When it comes to wringing every last drop from the day, you’d probably consider yourself an efficiency machine. You’re all about managing the hell out of those 1,440 minutes to jack up productivity. The technique of breaking out time—whether into 25-minute blocks or four-hour work weeks—instills a sense of urgency to your tasks so you don’t squander a single minute.
This strategy makes sense in our hyper-frenetic, overscheduled life, but it’s not as simple as that. The issue isn’t just about managing our time, it’s about paying equal mind to managing our energy.
Think about it: Time is a fixed resource; there is only so much in a day. Energy, on the other hand, is renewable—if we prioritize its replenishment. Without sufficient energy, we’ll never be focused and fired up no matter the time frame we choose.
Evidence suggests that when you organize your day to work, study, think or train in timed segments followed by—and this is the key point—a period of rest, you’re supporting the body’s innate rhythms while limiting general fatigue to a level of easy recovery. The science behind this cycle of energy expenditure and renewal honors the natural circadian and ultradian rhythms of a 24-hour day. While circadian rhythms guide nighttime rest, ultradian rhythms—shorter cycles of energy peaks and valleys—impact the hours you are awake.
If you force yourself to power through periods of low energy or fatigue, productivity all but dies. Syncing to the body’s natural rhythm, however, allows you to more efficiently use those periods when energy is high in a focused, creative and engaging way.
Everything you do has an energy consequence. Eating, sleeping, working, training, even maintaining relationships, all require energy—often more than you have to give. But when you move rhythmically between using and renewing your energy stores—many experts suggest 90 minutes of game-on activity followed by a 25-30 minute break—you create a cycle of replenishment that gives you the inner strength to push yourself to work harder and more efficiently.
In other words, you work hard to hit optimal productivity. Now you have to rest “hard” to keep the cycle going. Stepping away from a challenging task for a few minutes to answer emails or return phone calls isn’t going to yield much in the way of energy benefits. A truly restorative break is long enough in duration for a workout or walk around the block, meeting a friend for coffee or a 25-minute power nap. The day should also be punctuated by periodic longer breaks, ideally in the afternoon when energy ebbs for most people. In one study, when employees at a national accounting firm were encouraged to efficiently manage their energy and renew themselves intermittently, they accomplished more in less time, with a higher level of engagement and sustainability.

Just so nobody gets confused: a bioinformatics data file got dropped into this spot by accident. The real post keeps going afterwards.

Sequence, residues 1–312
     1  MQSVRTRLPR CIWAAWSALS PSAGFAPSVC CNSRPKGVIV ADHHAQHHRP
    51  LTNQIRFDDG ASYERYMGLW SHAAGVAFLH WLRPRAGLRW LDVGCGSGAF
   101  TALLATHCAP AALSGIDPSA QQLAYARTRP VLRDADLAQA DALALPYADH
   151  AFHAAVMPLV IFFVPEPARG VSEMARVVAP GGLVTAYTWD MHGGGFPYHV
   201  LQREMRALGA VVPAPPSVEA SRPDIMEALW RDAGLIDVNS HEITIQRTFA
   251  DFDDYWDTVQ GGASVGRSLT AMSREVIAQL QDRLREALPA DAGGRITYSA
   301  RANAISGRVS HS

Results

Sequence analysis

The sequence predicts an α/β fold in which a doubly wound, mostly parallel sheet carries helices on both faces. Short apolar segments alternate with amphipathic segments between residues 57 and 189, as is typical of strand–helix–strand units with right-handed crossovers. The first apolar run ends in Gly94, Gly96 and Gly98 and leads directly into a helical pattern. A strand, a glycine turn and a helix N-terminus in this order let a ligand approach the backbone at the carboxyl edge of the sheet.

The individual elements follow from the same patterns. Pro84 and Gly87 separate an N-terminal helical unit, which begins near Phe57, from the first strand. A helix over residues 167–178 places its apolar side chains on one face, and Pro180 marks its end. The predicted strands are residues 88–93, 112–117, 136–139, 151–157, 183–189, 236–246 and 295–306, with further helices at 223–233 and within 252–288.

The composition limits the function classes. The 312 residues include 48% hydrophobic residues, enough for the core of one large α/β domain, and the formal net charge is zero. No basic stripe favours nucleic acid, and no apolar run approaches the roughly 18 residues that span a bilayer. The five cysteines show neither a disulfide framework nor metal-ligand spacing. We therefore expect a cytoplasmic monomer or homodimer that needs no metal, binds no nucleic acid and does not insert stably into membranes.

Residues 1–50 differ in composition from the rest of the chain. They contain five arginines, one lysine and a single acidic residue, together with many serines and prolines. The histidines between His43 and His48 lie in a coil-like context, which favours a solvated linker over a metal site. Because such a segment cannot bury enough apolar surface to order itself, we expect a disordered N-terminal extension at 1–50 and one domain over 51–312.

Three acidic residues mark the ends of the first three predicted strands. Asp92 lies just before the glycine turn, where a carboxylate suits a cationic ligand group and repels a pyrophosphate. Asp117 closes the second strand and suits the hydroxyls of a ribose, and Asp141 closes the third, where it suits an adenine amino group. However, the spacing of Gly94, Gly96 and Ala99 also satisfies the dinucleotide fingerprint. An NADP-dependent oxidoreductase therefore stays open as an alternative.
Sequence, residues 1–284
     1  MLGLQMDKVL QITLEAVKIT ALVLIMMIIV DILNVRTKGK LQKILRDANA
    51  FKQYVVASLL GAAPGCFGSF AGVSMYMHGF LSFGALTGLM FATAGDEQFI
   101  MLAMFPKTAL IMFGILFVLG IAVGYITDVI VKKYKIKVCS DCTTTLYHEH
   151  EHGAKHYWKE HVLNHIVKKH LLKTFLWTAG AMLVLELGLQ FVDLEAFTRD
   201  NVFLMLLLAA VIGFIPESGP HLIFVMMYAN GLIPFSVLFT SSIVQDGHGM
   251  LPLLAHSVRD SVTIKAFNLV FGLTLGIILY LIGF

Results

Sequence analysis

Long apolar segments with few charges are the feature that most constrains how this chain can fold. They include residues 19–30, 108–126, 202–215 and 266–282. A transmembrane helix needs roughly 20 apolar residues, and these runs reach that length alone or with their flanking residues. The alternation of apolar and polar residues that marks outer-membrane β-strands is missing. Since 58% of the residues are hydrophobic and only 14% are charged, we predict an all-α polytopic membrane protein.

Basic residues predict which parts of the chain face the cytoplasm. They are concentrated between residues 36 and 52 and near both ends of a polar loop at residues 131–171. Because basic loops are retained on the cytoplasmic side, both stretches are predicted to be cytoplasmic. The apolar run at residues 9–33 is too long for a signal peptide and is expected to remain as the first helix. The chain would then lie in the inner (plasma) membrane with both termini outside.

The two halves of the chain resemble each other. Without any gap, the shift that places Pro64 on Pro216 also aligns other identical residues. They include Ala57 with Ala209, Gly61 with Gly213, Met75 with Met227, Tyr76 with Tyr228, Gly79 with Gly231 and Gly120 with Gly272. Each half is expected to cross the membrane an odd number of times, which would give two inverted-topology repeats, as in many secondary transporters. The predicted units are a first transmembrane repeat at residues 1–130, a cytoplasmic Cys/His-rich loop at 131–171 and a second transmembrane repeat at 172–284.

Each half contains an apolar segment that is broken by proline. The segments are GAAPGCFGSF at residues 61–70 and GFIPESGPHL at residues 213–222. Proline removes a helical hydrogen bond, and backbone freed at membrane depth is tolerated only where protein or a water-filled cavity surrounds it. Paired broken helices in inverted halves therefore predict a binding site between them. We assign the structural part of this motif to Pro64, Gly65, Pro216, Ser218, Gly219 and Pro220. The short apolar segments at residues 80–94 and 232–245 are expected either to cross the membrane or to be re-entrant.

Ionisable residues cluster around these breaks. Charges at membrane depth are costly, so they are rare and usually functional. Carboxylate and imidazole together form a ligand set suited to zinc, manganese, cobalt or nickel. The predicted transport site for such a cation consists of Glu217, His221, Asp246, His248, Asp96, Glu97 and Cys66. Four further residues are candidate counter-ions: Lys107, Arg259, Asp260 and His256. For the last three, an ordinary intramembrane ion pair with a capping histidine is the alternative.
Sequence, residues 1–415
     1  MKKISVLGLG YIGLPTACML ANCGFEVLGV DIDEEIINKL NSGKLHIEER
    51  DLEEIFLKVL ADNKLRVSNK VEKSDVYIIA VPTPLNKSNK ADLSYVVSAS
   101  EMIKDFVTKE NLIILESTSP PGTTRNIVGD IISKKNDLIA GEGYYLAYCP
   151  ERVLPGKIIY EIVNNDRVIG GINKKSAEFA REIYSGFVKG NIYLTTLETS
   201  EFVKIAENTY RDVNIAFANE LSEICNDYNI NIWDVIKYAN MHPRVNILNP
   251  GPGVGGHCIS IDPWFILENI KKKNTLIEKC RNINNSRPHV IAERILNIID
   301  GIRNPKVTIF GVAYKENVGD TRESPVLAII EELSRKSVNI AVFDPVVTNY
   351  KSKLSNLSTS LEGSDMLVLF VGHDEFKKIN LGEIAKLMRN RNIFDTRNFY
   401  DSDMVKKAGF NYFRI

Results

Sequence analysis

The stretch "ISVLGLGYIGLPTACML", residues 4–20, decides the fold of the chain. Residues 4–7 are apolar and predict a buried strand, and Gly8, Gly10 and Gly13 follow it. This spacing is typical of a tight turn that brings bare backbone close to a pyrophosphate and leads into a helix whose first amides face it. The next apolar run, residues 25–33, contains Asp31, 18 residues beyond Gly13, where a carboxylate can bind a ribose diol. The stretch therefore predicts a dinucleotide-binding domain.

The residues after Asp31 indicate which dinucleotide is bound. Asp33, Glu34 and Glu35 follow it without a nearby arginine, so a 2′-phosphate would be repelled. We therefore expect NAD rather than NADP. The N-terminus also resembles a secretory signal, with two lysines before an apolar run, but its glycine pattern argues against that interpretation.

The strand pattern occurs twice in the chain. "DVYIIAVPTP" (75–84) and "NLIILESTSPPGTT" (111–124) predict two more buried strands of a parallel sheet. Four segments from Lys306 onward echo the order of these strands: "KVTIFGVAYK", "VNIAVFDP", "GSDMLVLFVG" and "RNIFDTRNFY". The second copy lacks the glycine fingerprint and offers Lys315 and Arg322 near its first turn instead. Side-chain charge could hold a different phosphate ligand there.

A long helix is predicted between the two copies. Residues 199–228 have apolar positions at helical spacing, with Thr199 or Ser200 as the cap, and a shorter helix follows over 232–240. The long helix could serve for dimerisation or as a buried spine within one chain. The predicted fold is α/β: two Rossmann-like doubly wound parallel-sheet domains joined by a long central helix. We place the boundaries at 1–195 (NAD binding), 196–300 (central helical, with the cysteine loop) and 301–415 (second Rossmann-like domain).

There is a theory that personal energy comes from four core energy sources: physical (health), emotional (happiness), mental (focus), and spiritual (purpose). Establishing a self-perpetuating cycle of efficiency and greater reserves over time is the goal. To do that, you have to feed the beast. It’s like this: An athlete builds a lean, shredded six-pack through repeated bouts of core body workouts followed by periods of rest and recovery. Over time, the abs get stronger, the workouts become easier; before long he’s increasing his goals and creating new challenges during his workout time.
Banking energy works in exactly the same way.
Plus, building energy reserves makes it easier to head off some common productivity killers.
According to Roy Baumeister, Ph.D. and author of the book Willpower , the wherewithal to set boundaries, to say no to distractions from larger goals, is drawn from energy pools that fluctuate throughout the day as they’re used and replenished. (I.e., you’ll have less willpower when you’re depleted, and run down.) Learning to say no [is] the only way to reach the level of focus and productivity that allows you to become great, writes marketing strategist and Duke University professor Dorie Clark in the Harvard Business Review.
Ever wonder why some people are able to bounce back from negative events quickly, while others get stuck in a rut? Resilience—the ability to pick up the pieces and move on when things don’t go as planned—is not a trait you’re born with. It’s a skill that needs to be exercised and practiced over time. All of which takes energy. Simple fact: when energy levels are depleted, resilience is low. This lack of fortitude can leave you feeling overwhelmed and exhausted, none of which will do much for your productivity goals.
When you’re feeling too much of it, you’re less engaged, less productive, and at greater risk for any number of health-related setbacks. And while you can’t always control the cause of your stress, you can control how you respond to it. Stress is not the enemy, but the key to growth, says Tony Schwartz, CEO of The Energy Project and a leading expert on energy management. “Too much stress causes burnout and breakdown; too little stress causes weakness and atrophy,” he says. “The trick in life is to balance stress with recovery. To build a rhythmic relationship between [the two] valuing both for the part they play without over-relying on either one.”
So if you’re looking to hack your productivity, or set new project goals, think about this: By focusing as much attention on energy replenishment as on doling out time and working hard, you can do more, and do it better, in the exact amount of time you have.